2nd March 2017

‘Be Cool’ parents: Uma Thurman and ex-fiancé end custody dispute over 4 year old daughter

You may have missed the latest celebrity courtroom drama between movie star Uma Thurman and her former partner, billionaire financier Arpad Busson.

The case received relatively little publicity in the press here which is unfortunate because their dispute has highlighted issues which are regularly  faced by separating families and family lawyers. Thurman and Busson went to court because they could not agree custody and financial arrangements for their daughter, Luna (4).

Family Dynamics – Communication Is Key

Difficulties were encountered as a result of the family dynamics at play. Busson, a French national, maintains a home in London where he works and also in the Bahamas where he lives alongside his ex-partner, supermodel Elle McPherson and their teenage sons. Be Cool and Kill Bill actress Thurman lives in New York with Luna and her two children with her actor ex-husband, Ethan Hawke.

Busson wanted to increase his visits with Luna from two days to two weeks so that he could travel home to the Bahamas with her – he had to avoid being in the US for tax reasons. Thurman objected, complaining that Busson left Luna in the care of other people, did not change her clothes during visits, and returned her unwashed with matted hair. He claimed that Luna refused to change her clothes and he merely indulged her.

If the parties were capable of communicating effectively with one another, then these issues might not have arisen. Thurman would not assume the worst and Busson might be able to offer a reasonable explanation.

He Said, She Said…

Thurman also alleged that Busson was addicted to prostitutes. He questioned her emotional stability as she was prescribed medication for anxiety, depression and sleeping problems and suggested there might be a drinking problem too.

Allegations of an unfit parent are common and sometimes there can be no way to satisfactorily prove or disprove such allegations. A lack of trust and communication only fans the flames. It is a matter of perspective and common sense. It is rare that such behaviour will be so seriously bad as to merit the complete exclusion of a parent from a child’s life.

Judges Are Not Magicians

The presiding Judge took a measured approach to what unfolded before him. He warned them that if he had to make an order, then they would not have flexibility to take into account the arrangements that they had to see their other children. This was something that both parties said was important to them because they wanted Luna to be able to spend time with each set of siblings.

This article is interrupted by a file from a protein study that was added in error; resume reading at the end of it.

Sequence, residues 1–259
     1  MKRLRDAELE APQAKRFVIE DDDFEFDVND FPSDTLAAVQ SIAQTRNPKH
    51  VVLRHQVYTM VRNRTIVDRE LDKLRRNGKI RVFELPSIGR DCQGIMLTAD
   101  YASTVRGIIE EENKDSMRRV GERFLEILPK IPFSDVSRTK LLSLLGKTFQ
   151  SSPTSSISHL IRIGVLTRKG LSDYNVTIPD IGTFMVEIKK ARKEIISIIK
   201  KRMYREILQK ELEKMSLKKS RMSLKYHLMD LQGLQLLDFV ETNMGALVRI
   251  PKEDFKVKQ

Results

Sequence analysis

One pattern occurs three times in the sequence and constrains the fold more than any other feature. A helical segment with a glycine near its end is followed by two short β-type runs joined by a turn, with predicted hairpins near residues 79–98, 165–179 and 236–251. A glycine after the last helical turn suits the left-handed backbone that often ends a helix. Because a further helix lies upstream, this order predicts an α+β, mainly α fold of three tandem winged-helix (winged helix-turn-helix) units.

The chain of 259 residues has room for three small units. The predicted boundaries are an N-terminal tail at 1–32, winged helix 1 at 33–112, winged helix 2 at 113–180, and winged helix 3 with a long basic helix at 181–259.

Judges do not have magic wands to solve every problem and there is a degree of uncertainty as to what will end up being put in place.

He pointed out that in the two years he had been dealing with the case, no one had ever mentioned Thurman’s drinking habits as an issue before. He said that half of the people that come before him are prescribed medication and if that alone were a bar to having care of your child then no-one would have custody. He was assisted by the court appointed psychologist who criticised their hostile behaviour toward one another and said Luna should not be permitted to see them together as a result. She recommended psychotherapy so that Thurman and Busson could be educated about the damaging effect their behaviour had on Luna.

People unconsciously let their feelings get in the way so that they lose sight of what is really important – the welfare of the child.

Mediation – Issue Resolved

The psychologist was of the view that two weeks at a time in the Bahamas was too long for Luna who, at age 4, was still getting the family dynamics organised in her head. Such visits would be appropriate when she was older. She advised them that they could not rush into things and to accept that there was no perfect solution.

After five days at trial, Busson and Thurman reached an out of court settlement after the Judge requested that they have a mediation session before making a decision. He said that they should have one last stab at mediation because it is best that the parents who know, care for and love the child reach their own decision rather than have him impose one on them.

These are wise words that we often hear our own sheriffs repeat in court.

It is a shame that the parties could not come to the table sooner and had to go through the process of besmirching one another in other in court; thus damaging their fractured relationship even further and exposing details which their daughter will no doubt come to read about one day. Sometimes court action is inevitable but we would always recommend that consideration is given to alternative methods of dispute resolution, such as mediation which empowers people and helps them identify their own solution.

Upon signing off the agreement, the Judge added that if parents can put aside their anger and are able to co-operate and work collectively – then a child will have everything that any child could want.

Joanne Murray 
Associate Solicitor – Family Law
@FamilyLawJoanne
www.blackadders.co.uk

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